#1263861: Hackers Delivering WSH Remote Access Tool (RAT) via Phishing Campaign to Attack Banking Customers
Researchers discovered a new wave of a phishing campaign that delivering a new variant of Houdini Worm named as WSH Remote access tool to attack commercial banking customers.
Malware authors initially released this tool on June 2, 2019, and the HWorm shares extreme similarities with njRAT and njWorm, which existed since 2013.
Legitimate Windows Script Host, an application used to execute scripts on Windows machines that are being used for WSH RAT.
Attacker distributed the malware via phishing email campaign with the malicious attachment contained an MHT file that is used by threat operators in the same way as HTML files.
MTH File contained a href link which direct user to download the malicious .zip archive that drops the original version of WSH RAT.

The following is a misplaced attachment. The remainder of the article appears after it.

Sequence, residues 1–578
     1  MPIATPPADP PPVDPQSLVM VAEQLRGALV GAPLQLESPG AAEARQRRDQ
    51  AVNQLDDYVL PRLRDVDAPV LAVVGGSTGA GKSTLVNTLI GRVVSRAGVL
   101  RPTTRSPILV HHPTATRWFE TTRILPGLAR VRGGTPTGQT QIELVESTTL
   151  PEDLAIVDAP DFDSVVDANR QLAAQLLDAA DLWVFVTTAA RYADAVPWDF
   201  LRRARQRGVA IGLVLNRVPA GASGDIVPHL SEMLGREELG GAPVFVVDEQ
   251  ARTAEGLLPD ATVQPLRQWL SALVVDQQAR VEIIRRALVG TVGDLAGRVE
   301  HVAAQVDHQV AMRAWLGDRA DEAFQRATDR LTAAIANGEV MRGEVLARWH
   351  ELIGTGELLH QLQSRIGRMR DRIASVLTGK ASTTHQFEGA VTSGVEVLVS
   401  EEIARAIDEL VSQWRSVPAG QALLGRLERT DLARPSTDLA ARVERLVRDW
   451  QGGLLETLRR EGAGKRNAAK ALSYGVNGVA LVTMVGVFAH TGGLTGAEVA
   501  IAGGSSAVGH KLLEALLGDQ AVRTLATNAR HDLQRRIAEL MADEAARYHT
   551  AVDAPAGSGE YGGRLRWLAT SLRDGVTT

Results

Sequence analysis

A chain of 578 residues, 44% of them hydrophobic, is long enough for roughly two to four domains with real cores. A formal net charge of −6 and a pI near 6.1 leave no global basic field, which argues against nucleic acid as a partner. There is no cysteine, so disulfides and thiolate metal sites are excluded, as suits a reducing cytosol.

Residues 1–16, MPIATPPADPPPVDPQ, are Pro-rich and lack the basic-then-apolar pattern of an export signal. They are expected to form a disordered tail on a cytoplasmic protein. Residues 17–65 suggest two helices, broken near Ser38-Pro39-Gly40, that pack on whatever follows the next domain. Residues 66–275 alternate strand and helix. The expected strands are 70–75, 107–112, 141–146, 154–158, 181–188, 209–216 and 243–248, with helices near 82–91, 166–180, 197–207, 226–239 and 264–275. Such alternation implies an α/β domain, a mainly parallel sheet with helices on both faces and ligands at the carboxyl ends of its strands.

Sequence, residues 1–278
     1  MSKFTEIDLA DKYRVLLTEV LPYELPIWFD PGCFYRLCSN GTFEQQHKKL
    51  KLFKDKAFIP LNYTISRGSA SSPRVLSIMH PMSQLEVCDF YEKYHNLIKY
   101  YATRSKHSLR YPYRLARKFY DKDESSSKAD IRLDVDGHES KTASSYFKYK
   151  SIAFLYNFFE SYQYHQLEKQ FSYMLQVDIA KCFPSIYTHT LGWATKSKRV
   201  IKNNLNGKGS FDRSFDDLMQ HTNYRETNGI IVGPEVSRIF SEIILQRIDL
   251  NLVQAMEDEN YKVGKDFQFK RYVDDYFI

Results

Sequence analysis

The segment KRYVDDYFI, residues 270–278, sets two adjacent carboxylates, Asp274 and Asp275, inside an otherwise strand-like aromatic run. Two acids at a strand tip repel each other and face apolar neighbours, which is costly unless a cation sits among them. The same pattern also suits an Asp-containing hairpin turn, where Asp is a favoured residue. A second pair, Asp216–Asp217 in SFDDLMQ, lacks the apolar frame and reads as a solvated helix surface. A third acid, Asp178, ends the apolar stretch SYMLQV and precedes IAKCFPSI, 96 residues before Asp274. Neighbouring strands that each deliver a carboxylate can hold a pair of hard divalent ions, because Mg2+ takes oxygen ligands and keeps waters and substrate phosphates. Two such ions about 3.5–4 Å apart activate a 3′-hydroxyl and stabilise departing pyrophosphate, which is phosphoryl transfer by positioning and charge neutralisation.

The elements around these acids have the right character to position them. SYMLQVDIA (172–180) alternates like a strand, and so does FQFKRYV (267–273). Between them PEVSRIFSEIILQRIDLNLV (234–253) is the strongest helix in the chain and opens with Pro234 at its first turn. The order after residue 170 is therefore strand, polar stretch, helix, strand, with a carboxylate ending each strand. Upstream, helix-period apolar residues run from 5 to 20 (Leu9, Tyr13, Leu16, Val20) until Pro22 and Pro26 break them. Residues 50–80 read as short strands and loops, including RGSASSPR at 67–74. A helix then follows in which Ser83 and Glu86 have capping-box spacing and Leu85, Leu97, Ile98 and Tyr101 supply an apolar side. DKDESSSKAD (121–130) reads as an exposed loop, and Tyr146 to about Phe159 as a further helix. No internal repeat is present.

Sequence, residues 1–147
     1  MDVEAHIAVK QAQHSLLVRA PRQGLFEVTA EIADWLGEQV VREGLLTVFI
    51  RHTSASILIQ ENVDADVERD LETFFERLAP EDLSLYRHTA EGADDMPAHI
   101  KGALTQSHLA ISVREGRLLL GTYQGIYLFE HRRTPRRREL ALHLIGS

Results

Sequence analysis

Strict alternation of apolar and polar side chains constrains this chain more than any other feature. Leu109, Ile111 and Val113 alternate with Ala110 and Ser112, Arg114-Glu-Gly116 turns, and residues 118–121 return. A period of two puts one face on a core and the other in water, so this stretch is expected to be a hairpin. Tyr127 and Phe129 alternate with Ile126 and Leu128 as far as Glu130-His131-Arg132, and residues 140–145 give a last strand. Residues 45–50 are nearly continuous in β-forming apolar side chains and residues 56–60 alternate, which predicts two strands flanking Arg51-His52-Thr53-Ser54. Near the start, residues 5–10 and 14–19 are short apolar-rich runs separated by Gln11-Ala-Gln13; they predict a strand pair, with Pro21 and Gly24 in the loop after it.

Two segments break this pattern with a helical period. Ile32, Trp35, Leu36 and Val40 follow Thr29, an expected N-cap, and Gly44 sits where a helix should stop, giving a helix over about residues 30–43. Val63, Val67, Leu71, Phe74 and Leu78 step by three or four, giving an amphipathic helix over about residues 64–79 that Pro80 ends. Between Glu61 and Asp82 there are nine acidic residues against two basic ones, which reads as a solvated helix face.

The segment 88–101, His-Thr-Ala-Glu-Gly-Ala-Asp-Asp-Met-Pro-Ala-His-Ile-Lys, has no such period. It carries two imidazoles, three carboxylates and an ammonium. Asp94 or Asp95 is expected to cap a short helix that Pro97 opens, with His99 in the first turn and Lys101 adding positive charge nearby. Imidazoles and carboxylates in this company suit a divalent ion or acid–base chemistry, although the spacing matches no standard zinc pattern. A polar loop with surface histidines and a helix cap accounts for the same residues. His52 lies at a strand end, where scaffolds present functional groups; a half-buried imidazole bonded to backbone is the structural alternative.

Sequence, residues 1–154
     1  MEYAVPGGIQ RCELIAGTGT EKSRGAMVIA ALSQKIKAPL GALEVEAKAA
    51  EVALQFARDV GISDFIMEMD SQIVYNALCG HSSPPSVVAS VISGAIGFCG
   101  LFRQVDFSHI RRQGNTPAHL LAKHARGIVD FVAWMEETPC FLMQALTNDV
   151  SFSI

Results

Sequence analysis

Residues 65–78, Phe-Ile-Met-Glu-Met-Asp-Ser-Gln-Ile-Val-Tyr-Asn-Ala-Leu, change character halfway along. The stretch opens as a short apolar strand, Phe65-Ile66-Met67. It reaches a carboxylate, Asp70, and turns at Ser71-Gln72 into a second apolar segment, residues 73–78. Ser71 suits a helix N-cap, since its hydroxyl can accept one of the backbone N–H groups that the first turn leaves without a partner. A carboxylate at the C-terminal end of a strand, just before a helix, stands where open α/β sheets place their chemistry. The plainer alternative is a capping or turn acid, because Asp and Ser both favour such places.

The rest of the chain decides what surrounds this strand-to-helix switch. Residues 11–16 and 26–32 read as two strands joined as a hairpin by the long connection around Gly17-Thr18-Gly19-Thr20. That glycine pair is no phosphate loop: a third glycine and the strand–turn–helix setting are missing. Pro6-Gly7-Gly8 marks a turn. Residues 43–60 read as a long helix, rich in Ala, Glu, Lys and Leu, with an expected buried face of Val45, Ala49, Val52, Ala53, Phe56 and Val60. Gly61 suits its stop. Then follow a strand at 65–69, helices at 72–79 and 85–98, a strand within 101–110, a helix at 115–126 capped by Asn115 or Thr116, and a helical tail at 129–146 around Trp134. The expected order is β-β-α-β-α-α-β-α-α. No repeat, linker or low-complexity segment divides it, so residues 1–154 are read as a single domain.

According to cofense researchers,” When executed on an endpoint, WSH RAT behaves in the same way as Hworm, down to its use of mangled Base64 encoded data. WSH RAT uses the same configuration structure that Hworm uses for this process.”
Also, WSH RAT spawns an exact copy of the Hworm’s configuration, including the default variable, and the WSH RAT command and control server URL structure is identical to the Hworm.
Callout the Payloads
After the initial communication to the C2 server, WSH RAT calling out the new URL that drops the three payloads with .tar.gz extension but is actually PE32 executable files and the three payloads are acting as follows.
A mail credential viewer
A browser credential viewer
These modules are derived from a third party and not original work from the WSH RAT operator.
Cybercriminals sold the WSH RAT for $50 USD a month in the underground market place with so many features including, several automatic startup methods, and a large variety of remote access, evasion, and stealing capabilities.
“This threat exhibits the ease with which new malware can be developed, purchased, and weaponized. With a small investment in cheap command and control infrastructure and an easy-to-purchase malware-as-a-service, a threat actor with otherwise limited capabilities can knock on the door of a large financial company’s network in no time.” Researchers said.
|Date added||June 17, 2019, 11:29 a.m.|